Just dwell on that, assault, sexual assault and self-harm.

How is this OK?  I’m sending a letter to my local member asking for an explanation and what actions the Government is taking to address these very serious matters.

What will you do?




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May 06

I love to watch Q&A – sometimes I even tweet, and I’ve even written blogs about it.

On last night’s episode (2014-05-05) a group of protesters shut the show down for a couple of minutes. jones

The Minister for Education, Christopher Pyne was on and taking questions from young people about funding of education.  The questioner kept interrupting the Minister’s answers, at which point Pyne would stop talking and look mournfully at Tony Jones, the host, for him to take some sort of action.

From the TV it’s hard to tell if Pyne was getting jacked off at the complete lack of respect that was being shown to him or if he was simply looking for a way to deliver his answer without the interruption.

The guy asking the question was being very impolite.  Proper manners would dictate that you ask your question and then shut up while the answer is delivered to you.  The format of Q&A doesn’t allow for a backwards and forwards debate style.  You ask a question and someone then gives an answer, then others on the panel throw in their ideas.

The trouble with asking a politician a question is that you rarely get an answer.  At least not an answer to the question asked.  That’s so frustrating, even as a viewer.  The pollie tends to avoid the direct question and that’s normally done by picking on the Opposition.  They all behave this way.

The next part of the show saw a bunch of students (I assume) drop a banner over the balcony and start a chant.  This essentially drowns out Tony Jones and his guests.

The video is embedded at this page.

I was horrified by such a bold display of rudeness.  The protesters were interrupting my TV viewing and making me cross.

The ABC then broke the live feed and played a bit of music.  I can only guess what was said while the program was off air.  A few minutes later it was back and normality was restored.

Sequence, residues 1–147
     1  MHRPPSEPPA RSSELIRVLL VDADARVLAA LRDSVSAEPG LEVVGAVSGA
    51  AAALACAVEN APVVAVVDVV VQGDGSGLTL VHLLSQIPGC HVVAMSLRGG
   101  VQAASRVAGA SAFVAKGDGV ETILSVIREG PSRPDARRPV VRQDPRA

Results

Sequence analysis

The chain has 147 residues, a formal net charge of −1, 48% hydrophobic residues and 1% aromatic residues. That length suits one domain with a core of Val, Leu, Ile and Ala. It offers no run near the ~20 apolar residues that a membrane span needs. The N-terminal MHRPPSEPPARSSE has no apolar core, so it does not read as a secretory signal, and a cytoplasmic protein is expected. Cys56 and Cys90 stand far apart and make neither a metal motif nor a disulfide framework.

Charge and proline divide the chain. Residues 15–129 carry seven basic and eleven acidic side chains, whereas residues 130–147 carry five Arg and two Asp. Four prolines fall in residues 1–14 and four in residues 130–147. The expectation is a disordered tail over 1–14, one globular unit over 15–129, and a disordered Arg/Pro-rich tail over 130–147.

Was this the right way to handle the protests?  I’m not so sure.  Mind you, I’m not sure it’s the right way to launch a protest either.  However, simply silencing them without investigating the issue seems rather odd for a program that is trying to explore the issues and keep politicians accountable.

Maybe a better way would have been for Tony Jones to engage with them for a moment or two.  To get a question about the nature of the protest and direct that to the Minister instead of shutting it down and telling us how democracy works.

What do you do when you think the world is against you and you can’t get your message across?  How do you raise awareness and make your point if the conventional ways don’t work for you?

Are we moving to an area where you can’t protest, where you can’t stage an event to make your point.

Sure, what the students did was rude, disruptive and damn annoying.  I feel I should make some disparaging remark about their upbringing.  However, maybe they have a point.  Fund education, not planes.  Seems sensible to me and not enough is being said about the stupid situation we have in Australia where we seem to value the purchase of killing machines over education.  Where we seem to value the diesel rebate for huge mining companies over education.  The current government seems to think it’s better to make young people move to where the work is instead of keeping them close to their support networks.

Perhaps sometimes we should all do a little screaming to get our point across.  I don’t think it’s necessary for Tony Jones to apologise to Pyne.  Pyne should have listened to the frustration, he should have shown leadership by engaging, seeking to understand and then perhaps the world might just be a better place.